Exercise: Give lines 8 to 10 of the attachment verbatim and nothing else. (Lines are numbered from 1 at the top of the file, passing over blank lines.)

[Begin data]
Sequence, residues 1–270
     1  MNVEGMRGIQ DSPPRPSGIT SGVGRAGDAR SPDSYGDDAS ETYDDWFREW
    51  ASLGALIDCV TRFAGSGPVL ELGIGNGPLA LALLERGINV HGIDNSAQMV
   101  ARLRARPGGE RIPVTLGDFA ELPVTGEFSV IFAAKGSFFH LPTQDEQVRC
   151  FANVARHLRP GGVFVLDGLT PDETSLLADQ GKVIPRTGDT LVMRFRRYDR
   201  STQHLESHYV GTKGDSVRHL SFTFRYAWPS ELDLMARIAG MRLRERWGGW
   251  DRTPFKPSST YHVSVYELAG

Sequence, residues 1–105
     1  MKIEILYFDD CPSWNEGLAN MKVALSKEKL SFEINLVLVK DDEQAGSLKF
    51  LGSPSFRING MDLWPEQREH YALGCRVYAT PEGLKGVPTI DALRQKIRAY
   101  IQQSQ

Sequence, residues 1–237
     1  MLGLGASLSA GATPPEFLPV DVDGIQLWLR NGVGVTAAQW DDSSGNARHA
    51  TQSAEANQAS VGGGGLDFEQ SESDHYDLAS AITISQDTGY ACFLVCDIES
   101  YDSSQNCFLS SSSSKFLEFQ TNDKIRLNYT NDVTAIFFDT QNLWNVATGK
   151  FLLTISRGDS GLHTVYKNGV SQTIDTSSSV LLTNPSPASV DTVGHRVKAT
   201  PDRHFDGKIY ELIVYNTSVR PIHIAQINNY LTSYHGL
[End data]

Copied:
Sequence, residues 1–105
     1  MKIEILYFDD CPSWNEGLAN MKVALSKEKL SFEINLVLVK DDEQAGSLKF
    51  LGSPSFRING MDLWPEQREH YALGCRVYAT PEGLKGVPTI DALRQKIRAY